July 1972: When Jane Fonda allowed a photographer to catch her astride the gunner’s seat of a North Vietnamese Anti-aircraft gun, she sparked the fury of American veterans for a generation. Her misstep that day only capped more egregious collaborations she had with her communist hosts on her activist vacation to war-ravaged Vietnam. In a photograph, tangible proof commingled with propaganda broadcasts she directed at servicemen in battle consequently fueling their enmity with a palpable loathing present even today.
American sex symbol. Movie star daughter. An icon in her own right. Jane Fonda erupted late onto the anti-war scene. First husband Roger Vadim shaped her world view. Second husband Tom Hayden saw her value as a mouthpiece and matured her radicalization. Together, the two dallied with the likes of Bill Ayers, Bernadine Dohrn, and the Weathermen terrorists, poking Americana in the eye. Ultimately, Fonda cheerfully performed the part for which she’d been scripted.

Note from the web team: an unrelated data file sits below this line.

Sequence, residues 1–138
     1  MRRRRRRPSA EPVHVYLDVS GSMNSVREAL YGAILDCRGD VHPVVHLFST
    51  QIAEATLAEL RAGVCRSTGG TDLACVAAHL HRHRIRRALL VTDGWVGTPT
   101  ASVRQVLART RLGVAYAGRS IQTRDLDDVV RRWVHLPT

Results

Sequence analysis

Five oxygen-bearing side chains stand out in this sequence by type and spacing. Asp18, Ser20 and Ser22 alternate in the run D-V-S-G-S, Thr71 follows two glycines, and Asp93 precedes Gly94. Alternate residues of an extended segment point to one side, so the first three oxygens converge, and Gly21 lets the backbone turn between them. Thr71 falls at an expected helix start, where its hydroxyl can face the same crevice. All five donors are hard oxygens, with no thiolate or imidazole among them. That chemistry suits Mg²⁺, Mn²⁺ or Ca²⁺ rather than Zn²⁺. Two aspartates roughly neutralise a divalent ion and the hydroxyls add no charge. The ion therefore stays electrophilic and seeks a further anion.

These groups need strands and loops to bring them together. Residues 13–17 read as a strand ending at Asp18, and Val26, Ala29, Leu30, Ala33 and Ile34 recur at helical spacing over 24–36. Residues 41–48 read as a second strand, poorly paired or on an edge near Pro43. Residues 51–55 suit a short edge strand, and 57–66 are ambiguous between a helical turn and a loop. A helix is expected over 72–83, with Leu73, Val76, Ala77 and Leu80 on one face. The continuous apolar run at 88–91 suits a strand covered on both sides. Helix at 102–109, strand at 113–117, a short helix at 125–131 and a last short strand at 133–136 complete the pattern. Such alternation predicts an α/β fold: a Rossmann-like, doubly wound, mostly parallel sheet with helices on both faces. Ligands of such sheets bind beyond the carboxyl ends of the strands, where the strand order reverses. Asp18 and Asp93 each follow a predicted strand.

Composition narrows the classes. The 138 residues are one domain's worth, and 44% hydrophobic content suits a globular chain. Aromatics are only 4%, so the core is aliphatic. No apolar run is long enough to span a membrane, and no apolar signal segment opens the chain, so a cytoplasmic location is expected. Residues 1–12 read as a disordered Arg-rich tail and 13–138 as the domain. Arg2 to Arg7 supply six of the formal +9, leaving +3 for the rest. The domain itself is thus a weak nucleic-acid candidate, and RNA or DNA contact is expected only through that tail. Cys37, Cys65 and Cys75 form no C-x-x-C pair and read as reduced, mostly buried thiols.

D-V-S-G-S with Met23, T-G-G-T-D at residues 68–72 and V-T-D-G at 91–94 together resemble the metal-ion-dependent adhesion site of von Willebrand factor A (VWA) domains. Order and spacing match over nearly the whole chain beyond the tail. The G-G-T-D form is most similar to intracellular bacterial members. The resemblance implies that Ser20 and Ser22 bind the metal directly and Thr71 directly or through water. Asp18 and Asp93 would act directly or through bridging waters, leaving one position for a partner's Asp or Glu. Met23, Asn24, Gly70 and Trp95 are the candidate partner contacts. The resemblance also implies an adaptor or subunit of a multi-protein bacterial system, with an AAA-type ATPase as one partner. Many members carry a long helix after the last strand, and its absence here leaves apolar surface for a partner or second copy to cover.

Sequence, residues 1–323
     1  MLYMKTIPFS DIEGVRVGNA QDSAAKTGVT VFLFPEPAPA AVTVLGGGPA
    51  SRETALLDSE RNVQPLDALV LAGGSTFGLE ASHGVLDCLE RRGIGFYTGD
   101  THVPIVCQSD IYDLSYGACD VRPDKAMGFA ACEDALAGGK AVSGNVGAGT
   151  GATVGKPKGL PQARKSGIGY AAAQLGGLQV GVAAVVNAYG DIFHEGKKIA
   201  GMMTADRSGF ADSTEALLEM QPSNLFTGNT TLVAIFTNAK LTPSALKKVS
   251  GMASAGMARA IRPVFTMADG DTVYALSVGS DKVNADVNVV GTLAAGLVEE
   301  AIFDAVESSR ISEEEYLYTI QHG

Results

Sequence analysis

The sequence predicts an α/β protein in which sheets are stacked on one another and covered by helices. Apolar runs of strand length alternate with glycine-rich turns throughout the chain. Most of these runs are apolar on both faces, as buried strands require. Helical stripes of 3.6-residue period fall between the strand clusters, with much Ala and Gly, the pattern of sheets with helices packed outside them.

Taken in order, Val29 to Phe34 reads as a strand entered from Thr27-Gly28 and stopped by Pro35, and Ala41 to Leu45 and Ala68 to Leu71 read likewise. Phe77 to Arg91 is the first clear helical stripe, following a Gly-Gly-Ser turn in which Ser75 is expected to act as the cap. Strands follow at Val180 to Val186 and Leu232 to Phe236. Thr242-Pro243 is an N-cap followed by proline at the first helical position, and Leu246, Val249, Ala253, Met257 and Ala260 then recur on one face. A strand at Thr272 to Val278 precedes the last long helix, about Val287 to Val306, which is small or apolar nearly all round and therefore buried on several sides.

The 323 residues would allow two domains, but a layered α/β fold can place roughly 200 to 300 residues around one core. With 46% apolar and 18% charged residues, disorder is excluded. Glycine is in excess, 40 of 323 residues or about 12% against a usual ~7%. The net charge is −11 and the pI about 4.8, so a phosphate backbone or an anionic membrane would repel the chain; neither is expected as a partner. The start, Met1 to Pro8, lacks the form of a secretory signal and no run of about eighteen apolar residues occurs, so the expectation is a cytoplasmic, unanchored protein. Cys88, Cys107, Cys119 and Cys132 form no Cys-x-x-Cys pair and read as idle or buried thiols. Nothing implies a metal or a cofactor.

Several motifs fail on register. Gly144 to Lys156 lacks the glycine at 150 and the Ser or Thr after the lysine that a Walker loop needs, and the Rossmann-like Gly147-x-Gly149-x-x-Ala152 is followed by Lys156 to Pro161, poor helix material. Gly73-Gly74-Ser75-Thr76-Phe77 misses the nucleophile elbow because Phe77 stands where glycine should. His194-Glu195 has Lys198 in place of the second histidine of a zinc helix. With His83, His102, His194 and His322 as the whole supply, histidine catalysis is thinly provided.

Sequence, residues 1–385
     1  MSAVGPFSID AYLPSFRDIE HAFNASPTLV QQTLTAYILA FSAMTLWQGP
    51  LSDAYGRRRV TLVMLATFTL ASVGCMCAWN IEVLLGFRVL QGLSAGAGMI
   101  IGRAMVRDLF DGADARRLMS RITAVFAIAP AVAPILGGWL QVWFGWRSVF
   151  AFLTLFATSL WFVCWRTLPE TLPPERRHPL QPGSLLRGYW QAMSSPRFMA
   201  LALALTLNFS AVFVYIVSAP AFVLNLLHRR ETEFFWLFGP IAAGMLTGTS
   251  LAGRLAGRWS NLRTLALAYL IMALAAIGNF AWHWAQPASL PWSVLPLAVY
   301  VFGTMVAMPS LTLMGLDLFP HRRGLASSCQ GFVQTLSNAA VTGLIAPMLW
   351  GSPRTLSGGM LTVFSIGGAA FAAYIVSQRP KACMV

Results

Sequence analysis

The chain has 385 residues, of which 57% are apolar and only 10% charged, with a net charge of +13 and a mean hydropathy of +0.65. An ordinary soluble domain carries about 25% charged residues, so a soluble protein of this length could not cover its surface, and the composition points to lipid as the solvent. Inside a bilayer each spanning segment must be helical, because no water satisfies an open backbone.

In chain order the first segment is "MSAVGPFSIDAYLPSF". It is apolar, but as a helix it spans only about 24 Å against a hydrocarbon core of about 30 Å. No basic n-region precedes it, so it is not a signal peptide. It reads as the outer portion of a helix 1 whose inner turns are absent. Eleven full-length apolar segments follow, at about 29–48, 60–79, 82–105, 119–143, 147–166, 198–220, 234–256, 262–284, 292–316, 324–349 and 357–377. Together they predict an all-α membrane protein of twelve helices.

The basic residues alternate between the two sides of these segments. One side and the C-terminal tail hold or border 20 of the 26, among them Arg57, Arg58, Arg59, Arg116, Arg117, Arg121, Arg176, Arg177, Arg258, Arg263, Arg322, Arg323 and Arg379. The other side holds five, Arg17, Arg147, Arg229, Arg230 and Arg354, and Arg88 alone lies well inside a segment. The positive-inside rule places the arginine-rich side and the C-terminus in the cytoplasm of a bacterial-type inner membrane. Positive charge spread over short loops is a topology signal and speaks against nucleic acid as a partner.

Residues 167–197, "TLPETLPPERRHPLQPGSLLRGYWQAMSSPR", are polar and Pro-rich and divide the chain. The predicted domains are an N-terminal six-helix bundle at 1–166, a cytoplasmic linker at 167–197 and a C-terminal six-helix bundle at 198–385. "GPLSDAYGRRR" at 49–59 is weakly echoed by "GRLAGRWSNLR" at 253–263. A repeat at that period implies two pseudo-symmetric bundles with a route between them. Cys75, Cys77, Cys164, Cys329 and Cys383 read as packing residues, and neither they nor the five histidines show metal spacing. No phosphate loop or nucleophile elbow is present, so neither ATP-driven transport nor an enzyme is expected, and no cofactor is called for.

In a shutter click, Jane Fonda symbolized Veteran grief over defeat yanked from the hands of victory. Fonda symbolized a political loss of will as much as she did the leftist forces fighting to end American involvement in South East Asia.
Despite a caustic title, it’s not all about Jane.
This is and isn’t about her. On the one hand, it is, on the other, it catalogs other characters more egregious. Like the butterfly effect, the sum of their actions changed the circumstance in the lives of children. In one boy’s mind, she contributed to his father’s loss because as rumor had it, they crossed paths before he met his death.
This book series brings it home. There’s more to this story than the endcaps of a title and a celebrity name. Jane Fonda, like her symbolism, is merely a side note in a story far more complicated.